The second approach is to Throw Code Over The Wall, this basically means you remove any names from the code files, you add the appropriate licenses, you tar the whole thing up, post it and then simply walk away. This generates PR and is relatively effortless but it still doesn’t create a community nor does it really attract real techies. You often find that organisations that no longer wish to continue maintaining some piece of software use this approach.

Then there is the Develop Internally, Post Externally. You have a public code repository, where you develop in house but allow the external world to see what your doing. This allows occasional volunteers to submit patches but really there’s no incentive for outsiders to get involved because your not really giving anyone outside the organisation a sense of ownership … this can lead to mistrust, and creates barriers..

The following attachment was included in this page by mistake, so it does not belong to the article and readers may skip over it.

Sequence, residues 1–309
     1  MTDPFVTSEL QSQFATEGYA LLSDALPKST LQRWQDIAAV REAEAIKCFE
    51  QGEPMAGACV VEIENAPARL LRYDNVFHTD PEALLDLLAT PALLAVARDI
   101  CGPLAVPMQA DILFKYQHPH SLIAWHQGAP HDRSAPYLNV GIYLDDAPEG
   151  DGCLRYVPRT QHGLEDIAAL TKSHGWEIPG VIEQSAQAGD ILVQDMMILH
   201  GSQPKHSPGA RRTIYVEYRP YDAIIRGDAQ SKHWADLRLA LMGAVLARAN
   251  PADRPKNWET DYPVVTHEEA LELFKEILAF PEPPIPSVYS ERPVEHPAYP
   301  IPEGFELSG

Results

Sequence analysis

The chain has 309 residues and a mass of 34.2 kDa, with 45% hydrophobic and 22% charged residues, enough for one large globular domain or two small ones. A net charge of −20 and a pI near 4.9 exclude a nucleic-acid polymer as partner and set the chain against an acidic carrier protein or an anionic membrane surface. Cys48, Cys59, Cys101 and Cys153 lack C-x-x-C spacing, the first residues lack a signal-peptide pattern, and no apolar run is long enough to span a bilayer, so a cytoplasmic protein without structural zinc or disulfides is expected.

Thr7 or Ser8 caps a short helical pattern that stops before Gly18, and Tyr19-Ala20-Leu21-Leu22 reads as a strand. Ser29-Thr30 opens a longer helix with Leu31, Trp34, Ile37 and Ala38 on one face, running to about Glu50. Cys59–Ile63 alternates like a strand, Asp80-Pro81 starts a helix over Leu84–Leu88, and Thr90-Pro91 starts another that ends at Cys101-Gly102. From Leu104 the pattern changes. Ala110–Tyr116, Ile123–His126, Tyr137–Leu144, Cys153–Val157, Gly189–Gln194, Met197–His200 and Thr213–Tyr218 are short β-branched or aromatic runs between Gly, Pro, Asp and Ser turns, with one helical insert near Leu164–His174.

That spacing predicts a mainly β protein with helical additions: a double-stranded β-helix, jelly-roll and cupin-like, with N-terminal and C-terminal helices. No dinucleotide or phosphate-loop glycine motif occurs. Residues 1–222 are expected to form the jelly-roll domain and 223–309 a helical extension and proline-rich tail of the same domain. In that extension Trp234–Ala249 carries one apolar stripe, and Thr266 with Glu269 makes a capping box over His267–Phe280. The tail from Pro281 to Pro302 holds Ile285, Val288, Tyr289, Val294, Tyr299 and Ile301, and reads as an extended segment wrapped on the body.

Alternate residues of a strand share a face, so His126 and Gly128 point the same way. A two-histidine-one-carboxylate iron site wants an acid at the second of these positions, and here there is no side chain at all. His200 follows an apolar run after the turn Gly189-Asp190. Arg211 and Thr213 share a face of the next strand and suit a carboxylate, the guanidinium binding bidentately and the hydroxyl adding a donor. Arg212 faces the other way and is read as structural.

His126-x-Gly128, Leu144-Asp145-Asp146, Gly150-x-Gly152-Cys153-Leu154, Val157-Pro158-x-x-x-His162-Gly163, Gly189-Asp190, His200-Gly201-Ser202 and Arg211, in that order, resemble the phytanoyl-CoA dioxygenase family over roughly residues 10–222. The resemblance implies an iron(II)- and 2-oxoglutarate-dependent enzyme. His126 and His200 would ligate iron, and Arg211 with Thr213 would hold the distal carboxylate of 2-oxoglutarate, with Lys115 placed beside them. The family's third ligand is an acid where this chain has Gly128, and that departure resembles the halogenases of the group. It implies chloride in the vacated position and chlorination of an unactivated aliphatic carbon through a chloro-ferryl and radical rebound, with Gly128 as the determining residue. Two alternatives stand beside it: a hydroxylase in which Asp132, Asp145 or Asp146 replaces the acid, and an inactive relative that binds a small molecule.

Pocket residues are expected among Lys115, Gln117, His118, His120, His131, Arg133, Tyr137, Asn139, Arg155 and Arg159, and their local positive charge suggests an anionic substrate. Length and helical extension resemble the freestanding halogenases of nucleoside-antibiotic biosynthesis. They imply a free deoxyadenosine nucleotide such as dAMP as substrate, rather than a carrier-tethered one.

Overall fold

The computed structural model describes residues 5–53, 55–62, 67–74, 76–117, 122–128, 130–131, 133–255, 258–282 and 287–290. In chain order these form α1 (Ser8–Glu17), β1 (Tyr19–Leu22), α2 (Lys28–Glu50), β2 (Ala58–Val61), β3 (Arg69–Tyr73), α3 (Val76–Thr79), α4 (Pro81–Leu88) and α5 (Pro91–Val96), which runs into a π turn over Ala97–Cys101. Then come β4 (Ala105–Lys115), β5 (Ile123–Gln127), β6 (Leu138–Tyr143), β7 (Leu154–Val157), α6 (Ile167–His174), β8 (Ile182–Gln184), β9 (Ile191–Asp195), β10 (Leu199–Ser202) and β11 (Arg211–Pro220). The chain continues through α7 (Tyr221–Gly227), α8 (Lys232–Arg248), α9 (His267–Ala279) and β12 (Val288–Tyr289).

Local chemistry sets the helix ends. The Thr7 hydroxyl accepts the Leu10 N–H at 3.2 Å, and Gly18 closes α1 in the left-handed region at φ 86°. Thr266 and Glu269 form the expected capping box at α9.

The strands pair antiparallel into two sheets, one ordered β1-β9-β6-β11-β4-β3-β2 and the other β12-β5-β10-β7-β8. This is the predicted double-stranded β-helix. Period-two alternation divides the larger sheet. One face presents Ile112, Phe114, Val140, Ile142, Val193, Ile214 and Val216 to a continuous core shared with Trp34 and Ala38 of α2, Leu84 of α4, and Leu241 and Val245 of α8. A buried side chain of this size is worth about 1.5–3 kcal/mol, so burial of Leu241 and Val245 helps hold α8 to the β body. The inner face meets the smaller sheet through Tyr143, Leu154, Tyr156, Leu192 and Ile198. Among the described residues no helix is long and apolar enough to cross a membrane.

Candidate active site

Next you have the Open Monarchy, where there are public discussions, there is a public repository, but committers are mostly employees and occasionally individuals outside the organisations. However in this approach one organisation or one individual rules the project and makes all the key decisions. This approach has the benefit that it will garner more credibility from the technical community and you probably will find more volunteers stepping forward to participate in the open discussions your having and to sometimes contribute. But the reality is that this is virtually the same as the previous approach except the discussions are taking place in public and as thus people can participate even though the corporate agenda always wins.